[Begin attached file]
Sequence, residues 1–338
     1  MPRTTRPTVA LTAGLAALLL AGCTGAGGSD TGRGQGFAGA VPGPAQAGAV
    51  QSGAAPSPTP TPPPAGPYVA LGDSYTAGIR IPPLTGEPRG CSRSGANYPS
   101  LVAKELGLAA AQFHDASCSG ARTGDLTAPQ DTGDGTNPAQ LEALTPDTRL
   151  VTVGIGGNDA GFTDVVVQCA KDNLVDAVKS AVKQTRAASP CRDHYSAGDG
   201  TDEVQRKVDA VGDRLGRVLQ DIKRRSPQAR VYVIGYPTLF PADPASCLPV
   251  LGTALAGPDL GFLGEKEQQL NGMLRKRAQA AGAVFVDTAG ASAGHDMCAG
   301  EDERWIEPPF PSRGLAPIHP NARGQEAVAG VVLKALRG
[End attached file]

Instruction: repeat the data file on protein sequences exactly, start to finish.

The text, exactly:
Sequence, residues 1–338
     1  MPRTTRPTVA LTAGLAALLL AGCTGAGGSD TGRGQGFAGA VPGPAQAGAV
    51  QSGAAPSPTP TPPPAGPYVA LGDSYTAGIR IPPLTGEPRG CSRSGANYPS
   101  LVAKELGLAA AQFHDASCSG ARTGDLTAPQ DTGDGTNPAQ LEALTPDTRL
   151  VTVGIGGNDA GFTDVVVQCA KDNLVDAVKS AVKQTRAASP CRDHYSAGDG
   201  TDEVQRKVDA VGDRLGRVLQ DIKRRSPQAR VYVIGYPTLF PADPASCLPV
   251  LGTALAGPDL GFLGEKEQQL NGMLRKRAQA AGAVFVDTAG ASAGHDMCAG
   301  EDERWIEPPF PSRGLAPIHP NARGQEAVAG VVLKALRG